Rent increase & lease renewal

6 Replies

With the rising markets, many of our properties are overdue for a rent increase. We normally sign a 12 month lease initially, then let it go month to month. This has worked well for us from a tenant retention standpoint. I believe that if you go to someone each year and ask them to sign a new 12 month lease, you create two problems:

1) You force the tenant to make a decision about staying 12 more months or moving right away. If the tenant was considering moving and they are forced to make a decision, many people will make the decision to move. When the lease simply goes month to month it is easy for the tenants to put off moving for a couple more months, which goes on indefinitely. I have one set of tenants that have been "about to move" for 3 years now.

2) Each year when you show up to sign that lease, you remind the tenant that they have been there for X number of years, paying the greedy landlord rent.

This post isn't meant to be a debate on 12 month leases vs. automatic month to month renewals. My question is:

How do you go about raising the rent when a tenant is on a month to month lease?

Do you have to sign a whole new lease agreement or just send a rent increase letter stating that all other terms will remain the same, with the exception of the rent increase?

If it matters, I am in Michigan.

Any thoughts?

-Josh

You can do a rental increase either way. I prefer to renew a 12 .onth lease every spring. This is the poont in which I can update my lease with any legal changes over the past year or rules changes and rental increases. Then you can also go over ahat type of service you have provided over their stay and the benefits of your property.

it is my belief that most tenants will not leave unless they have a good reason too. Such as location or you are not doing your job providing value, or family dynamics change requiring a different spot. Who wants to mess up their yeae by moving??

Hey Josh,

For those folks on month to month leases we just send a rent increase letter stating that all other terms will remain the same, with the exception of the rent increase...

However, for most of our tenants I like to do what @Kyle Hipp described above me.

How's the apartment going?:)

And it does matter that you're in Michigan. It makes you a better person

Thanks @Michael Dundon .

The apartments are going good (I think I was a little stressed when we met up a couple weeks ago, lol) Should be 100% occupancy by next week.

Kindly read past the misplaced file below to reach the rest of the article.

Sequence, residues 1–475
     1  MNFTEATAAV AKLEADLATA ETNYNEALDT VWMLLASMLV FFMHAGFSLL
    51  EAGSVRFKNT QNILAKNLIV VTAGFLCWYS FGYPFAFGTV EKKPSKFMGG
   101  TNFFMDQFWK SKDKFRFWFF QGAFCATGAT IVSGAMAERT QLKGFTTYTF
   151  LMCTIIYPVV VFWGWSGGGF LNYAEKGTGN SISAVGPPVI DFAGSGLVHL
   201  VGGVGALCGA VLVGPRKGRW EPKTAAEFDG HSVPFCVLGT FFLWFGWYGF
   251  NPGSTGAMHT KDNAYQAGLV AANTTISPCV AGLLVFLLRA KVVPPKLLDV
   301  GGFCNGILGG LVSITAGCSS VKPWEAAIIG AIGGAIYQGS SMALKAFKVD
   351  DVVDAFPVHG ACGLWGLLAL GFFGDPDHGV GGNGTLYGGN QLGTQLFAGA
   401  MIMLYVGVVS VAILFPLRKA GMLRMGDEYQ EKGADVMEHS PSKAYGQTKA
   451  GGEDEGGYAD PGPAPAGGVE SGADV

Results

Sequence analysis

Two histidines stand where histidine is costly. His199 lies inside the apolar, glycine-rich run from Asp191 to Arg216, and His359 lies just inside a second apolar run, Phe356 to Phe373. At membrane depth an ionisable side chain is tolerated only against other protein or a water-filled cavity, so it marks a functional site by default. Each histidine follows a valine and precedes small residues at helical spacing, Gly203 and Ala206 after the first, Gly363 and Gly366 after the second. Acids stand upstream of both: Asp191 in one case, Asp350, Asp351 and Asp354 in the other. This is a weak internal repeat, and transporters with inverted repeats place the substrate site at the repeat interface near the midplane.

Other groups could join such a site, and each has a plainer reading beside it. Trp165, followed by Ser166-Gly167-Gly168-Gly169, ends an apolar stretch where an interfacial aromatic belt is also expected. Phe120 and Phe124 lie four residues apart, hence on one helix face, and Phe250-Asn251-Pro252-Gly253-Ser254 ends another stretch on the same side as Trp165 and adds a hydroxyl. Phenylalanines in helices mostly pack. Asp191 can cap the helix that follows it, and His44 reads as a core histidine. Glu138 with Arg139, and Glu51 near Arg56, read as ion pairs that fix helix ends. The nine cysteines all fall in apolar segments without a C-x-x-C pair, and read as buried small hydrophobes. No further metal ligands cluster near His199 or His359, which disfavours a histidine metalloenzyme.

Josh,

I am not sure about the real estate laws in Michigan. I would suggest you find out the answer if a residential lease under 12 months has to be in writing. Many states only require a written lease if the lease is 12 months or longer. That said and assuming no written lease is required as the lease is now month to month, then increasing the rent could be in as simple as a phone call and have tenant accept the new lease payment, I would then follow up with a letter about the conversation and their acceptance of the increase rent. If a written lease is required I would just do an amendment to your existing lease increasing the rent and have the tenant sign.

Good Luck

@Josh Sterling I just got done doing this for about 35 residents in a large apt community. I have my mgmt company give them a letter that is structured as follows:

- thanks them for being a resident and says we're grateful to have them

- reminds them of some improvements we've done to the property

- says it's renewal time and we'd like to offer them a month-to-month or discounted 12-month lease

- says we have had to slightly increase their overall rent due to expenses and inflation but reminds them if they sign a 12-month lease the rent will be lower compared to staying month-to-month

- lists out two options (both an increase from previous rent) and, again, shows them the actual $ amt that would be saved when compared to the new month-to-month rent

- says if they believe they have a special circumstance then feel free to call our community manager to discuss (only a handful called)

I did this two months ago to 29 residents and nobody moved out. Fingers crossed these next 30 generates the same result.

I do 12 month or longer leases. My single family houses are all located in a plus areas. If people leave during the middle of the year I am sol because there is a definite moving season in military areas!

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